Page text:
Ever-Changing Campus Landscape
When Rosemary Ryan Truesdell ’52 flips through her OSWEGO Alumni Magazine, she can hardly believe she is reading about and seeing images of the same campus she attended in the post-World War II era.
“Incredible!” she said. “How could this be the Oswego campus that my husband and I both loved in the years 1949- 1952? What a contrast to only two stone/mortar buildings: the impressive building with the circular colonnade [Sheldon Hall] and the Industrial Arts Building.”
Rosemary said the only other buildings on campus were temporary quonset huts, in what was affectionately known as Splinter Village. These were the temporary structures erected to house the numerous veterans (and their families) who came to Oswego to take advantage of the GI Bill.
Besides those structures, there were no other on-campus housing options so students lived in off-campus houses or rooms they rented from community members.
Rosemary lived in the Alpha Delta sorority house, and recalled painting the interior rooms for her sorority sister, Priscilla Hawkins Rathbun ‘51, who, soon after, was to move into Splinter Village with her husband, Robert Rathbun ‘51.
During her time at Oswego, Rosemary was also active in the Symphonic and Women’s choirs, and the Newman Club. After graduating, she taught for 13 years on Long Island.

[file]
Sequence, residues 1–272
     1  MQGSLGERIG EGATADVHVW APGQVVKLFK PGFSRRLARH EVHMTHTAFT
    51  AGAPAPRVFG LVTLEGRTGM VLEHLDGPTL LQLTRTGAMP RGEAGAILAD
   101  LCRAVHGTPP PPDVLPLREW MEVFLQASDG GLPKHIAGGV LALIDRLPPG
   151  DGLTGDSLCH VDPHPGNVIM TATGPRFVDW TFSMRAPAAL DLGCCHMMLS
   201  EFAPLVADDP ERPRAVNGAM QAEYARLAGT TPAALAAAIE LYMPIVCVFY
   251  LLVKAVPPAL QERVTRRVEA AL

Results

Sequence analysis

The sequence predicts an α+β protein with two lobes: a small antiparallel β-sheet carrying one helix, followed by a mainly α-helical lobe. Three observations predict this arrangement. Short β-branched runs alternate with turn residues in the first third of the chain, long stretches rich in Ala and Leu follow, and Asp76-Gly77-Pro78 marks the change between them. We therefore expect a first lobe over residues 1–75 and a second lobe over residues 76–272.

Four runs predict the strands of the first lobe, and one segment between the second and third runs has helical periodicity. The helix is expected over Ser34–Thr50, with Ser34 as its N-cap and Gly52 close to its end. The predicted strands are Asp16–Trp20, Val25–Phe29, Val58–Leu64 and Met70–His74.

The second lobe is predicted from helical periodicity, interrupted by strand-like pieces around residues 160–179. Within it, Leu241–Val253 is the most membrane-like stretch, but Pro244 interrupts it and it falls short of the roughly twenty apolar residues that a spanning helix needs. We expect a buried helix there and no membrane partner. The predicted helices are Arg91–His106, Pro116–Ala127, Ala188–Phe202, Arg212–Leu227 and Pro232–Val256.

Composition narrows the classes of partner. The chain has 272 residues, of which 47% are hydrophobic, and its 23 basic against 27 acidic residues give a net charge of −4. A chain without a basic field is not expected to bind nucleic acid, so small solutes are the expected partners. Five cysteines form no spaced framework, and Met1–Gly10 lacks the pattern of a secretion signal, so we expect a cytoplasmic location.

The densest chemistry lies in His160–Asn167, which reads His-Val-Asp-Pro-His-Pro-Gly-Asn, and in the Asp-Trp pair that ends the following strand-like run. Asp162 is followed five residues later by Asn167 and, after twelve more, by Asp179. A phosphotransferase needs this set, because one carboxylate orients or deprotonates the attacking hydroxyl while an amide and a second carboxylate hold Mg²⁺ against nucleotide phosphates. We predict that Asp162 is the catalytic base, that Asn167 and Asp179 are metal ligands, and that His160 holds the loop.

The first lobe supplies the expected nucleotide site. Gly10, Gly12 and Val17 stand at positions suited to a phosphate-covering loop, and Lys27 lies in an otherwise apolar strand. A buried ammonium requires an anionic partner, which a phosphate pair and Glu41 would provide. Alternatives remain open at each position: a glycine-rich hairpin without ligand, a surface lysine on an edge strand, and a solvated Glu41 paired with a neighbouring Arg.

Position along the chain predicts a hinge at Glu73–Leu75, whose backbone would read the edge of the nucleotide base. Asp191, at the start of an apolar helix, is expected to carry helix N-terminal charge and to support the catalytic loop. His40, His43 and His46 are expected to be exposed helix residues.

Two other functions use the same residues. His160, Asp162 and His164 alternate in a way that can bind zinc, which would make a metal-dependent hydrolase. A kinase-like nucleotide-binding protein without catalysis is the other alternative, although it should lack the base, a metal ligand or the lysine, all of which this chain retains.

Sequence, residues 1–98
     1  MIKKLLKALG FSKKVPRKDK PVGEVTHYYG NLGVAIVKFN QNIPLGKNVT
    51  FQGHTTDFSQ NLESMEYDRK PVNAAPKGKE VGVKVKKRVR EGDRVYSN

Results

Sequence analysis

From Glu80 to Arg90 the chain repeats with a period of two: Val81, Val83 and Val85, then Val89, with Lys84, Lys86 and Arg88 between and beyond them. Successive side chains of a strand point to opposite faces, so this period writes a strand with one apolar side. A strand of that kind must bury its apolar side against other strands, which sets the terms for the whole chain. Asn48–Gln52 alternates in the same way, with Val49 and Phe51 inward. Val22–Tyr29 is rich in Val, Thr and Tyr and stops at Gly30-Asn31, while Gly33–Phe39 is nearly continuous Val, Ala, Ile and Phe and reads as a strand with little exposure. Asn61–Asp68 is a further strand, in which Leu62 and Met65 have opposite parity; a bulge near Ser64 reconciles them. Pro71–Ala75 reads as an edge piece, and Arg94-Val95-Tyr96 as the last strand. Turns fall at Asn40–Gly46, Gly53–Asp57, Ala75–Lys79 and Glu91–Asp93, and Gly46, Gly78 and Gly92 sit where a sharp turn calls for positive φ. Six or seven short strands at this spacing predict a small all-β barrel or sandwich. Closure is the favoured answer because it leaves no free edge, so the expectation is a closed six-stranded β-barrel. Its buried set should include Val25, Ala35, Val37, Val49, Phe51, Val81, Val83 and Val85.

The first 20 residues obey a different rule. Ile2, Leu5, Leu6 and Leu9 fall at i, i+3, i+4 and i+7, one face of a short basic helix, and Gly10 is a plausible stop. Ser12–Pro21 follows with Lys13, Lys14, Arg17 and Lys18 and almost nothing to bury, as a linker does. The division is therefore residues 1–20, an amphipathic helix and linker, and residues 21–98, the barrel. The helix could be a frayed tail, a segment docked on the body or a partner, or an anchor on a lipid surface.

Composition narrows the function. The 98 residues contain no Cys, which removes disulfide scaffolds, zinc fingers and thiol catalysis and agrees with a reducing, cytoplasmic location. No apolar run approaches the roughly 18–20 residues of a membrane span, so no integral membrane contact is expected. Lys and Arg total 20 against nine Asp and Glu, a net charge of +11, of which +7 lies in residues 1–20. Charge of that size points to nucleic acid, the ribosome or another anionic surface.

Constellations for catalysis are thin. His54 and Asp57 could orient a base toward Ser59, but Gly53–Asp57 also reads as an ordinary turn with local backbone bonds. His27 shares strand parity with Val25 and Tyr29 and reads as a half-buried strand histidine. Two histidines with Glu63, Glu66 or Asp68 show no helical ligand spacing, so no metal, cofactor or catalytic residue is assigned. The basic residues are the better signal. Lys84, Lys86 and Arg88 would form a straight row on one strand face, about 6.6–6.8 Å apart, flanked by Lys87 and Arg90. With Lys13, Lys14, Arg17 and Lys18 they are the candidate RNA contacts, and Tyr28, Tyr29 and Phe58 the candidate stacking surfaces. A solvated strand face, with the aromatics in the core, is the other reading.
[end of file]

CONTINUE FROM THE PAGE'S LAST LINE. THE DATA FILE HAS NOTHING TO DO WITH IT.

She recalled that there were no parking lots for cars, and “walking was our mode of transportation in all sorts of weather.”
Rosemary said the college was just beginning construction on their first on-campus student residence halls when she and her now late husband, Richard “Dick” Truesdell ’52, were graduating. That construction was the first of many changes that would occur on campus after they graduated.
Dick came to Oswego after serving in the U.S. Army. He was a page editor with The Oswegonian, participated on the Debate Team and was president of the Rifle Club, a passion he continued to pursue throughout his life—even setting a record in his most memorable rifle match after achieving a perfect score, 400 out of 400.
Although he majored in industrial arts, Dick had a fulfilling 34-year career in public relations with Union Carbide and then Hill & Knowlton Inc. The couple raised three sons, and retired to Florida, where he died in 2011.
Today, Rosemary said she is “happy and living in heaven (Florida).”